• BLM Proposes Rollback of Venting/Flaring Rule on Public/Native Lands. The Bureau of Land Management announced a proposal to revise the 2016 final Waste Prevention Rule (also known as the venting and flaring rule). The proposed rule would eliminate duplicative regulatory requirements and re-establish long-standing requirements that the 2016 final rule sought to replace. The proposal includes a 60-day opportunity for public comment.
  • What Constitutes Sufficient “Commencement of Operations” Under a JOA in New Mexico to Guarantee the Operator Payment of Non-Consent Penalties? The Supreme Court of New Mexico recently held that an operator proposing a well “commenced operations” within the JOA’s ninety-day deadline after the non-operator went “non-consent” and therefore could recover non-consent penalties of up to 400% even though the operator did not obtain a well-drilling permit within that time as long as there is evidence that the operator committed resources – whether on-site or off-site – demonstrating its present good-faith intention to diligently carry on drilling activities until completion. Enduro Operating LLC v. Echo Prod., Inc., — P.3d —, No. S-1-SC-36225, 2018 WL 897360 (N.M., Feb. 15, 2018).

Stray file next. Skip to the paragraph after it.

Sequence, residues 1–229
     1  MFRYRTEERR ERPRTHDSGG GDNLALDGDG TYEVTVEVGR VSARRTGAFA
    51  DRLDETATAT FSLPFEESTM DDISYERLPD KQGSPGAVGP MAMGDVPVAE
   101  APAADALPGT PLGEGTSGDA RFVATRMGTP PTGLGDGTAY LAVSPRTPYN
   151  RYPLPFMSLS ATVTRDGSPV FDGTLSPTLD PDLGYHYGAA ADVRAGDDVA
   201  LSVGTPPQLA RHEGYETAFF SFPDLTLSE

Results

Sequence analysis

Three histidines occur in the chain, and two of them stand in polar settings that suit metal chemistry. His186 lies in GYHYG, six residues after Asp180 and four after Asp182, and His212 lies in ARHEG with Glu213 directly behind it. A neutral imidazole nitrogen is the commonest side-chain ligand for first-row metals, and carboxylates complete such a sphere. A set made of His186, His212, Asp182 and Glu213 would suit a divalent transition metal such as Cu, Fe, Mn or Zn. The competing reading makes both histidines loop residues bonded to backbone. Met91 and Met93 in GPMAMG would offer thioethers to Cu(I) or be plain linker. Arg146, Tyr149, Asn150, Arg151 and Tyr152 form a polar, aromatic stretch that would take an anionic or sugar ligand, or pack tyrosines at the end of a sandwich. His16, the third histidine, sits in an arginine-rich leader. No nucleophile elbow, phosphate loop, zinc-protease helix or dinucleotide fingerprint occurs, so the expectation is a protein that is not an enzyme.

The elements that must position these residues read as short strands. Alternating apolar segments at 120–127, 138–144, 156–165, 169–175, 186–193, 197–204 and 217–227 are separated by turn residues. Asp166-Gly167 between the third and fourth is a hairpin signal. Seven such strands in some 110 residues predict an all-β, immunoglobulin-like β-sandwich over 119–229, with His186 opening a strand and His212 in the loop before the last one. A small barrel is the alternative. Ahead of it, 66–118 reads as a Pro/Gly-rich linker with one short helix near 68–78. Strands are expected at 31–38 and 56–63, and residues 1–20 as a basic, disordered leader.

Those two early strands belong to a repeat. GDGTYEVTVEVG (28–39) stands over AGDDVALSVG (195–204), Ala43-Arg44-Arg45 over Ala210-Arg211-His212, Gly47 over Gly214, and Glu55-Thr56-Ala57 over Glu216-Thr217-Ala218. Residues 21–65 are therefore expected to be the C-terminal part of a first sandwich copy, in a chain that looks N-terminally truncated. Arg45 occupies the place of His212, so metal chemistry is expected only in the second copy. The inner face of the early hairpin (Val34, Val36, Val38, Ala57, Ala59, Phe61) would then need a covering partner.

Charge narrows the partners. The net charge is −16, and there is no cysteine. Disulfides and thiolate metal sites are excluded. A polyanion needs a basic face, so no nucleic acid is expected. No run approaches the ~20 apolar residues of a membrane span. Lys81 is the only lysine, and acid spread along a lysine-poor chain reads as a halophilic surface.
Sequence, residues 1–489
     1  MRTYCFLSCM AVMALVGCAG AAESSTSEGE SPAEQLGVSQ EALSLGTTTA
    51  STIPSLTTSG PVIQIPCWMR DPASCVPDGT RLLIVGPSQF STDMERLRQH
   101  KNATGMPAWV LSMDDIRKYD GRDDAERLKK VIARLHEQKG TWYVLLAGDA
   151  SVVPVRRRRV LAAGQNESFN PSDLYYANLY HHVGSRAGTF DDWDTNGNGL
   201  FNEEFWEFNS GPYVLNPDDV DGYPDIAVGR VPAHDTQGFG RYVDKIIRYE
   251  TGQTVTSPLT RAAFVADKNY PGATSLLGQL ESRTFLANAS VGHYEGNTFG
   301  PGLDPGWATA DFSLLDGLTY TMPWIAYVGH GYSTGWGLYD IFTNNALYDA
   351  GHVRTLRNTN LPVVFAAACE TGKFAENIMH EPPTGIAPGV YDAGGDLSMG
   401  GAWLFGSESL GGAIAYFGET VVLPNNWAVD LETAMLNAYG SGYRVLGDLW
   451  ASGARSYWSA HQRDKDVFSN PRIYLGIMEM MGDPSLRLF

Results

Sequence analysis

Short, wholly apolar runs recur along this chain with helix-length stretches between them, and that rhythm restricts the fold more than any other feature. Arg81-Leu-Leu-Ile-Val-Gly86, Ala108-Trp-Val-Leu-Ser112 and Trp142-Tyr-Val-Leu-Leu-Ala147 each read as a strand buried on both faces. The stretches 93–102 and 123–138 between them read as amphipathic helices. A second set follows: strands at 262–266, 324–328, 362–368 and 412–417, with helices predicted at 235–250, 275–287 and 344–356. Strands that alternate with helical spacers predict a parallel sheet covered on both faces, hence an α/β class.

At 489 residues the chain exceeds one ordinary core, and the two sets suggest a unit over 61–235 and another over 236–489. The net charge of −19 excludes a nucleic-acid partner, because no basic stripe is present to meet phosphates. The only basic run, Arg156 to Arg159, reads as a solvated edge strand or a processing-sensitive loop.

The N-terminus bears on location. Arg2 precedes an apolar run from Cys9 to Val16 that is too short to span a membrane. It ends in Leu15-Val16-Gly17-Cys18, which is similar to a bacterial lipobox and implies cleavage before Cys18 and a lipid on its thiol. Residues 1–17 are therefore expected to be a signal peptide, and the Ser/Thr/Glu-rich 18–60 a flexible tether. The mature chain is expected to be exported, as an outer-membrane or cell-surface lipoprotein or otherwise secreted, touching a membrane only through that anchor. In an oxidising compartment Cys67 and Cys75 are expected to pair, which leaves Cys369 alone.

• Payment Obligations under SUA Run with the Land, Fifth Circuit Holds. The Fifth Circuit Court of Appeals held that payment obligations under a surface use agreement ran with the surface of the land such that the seller forfeited its right to recover those payments upon the sale of the property covered by the SUA before the payment became due. Fort Worth 4th St. Partners, L.P. v. Chesapeake Energy Corp., — F.3d —, No. 17-10040, 2018 WL 897894 (5th Cir., Feb. 15, 2018).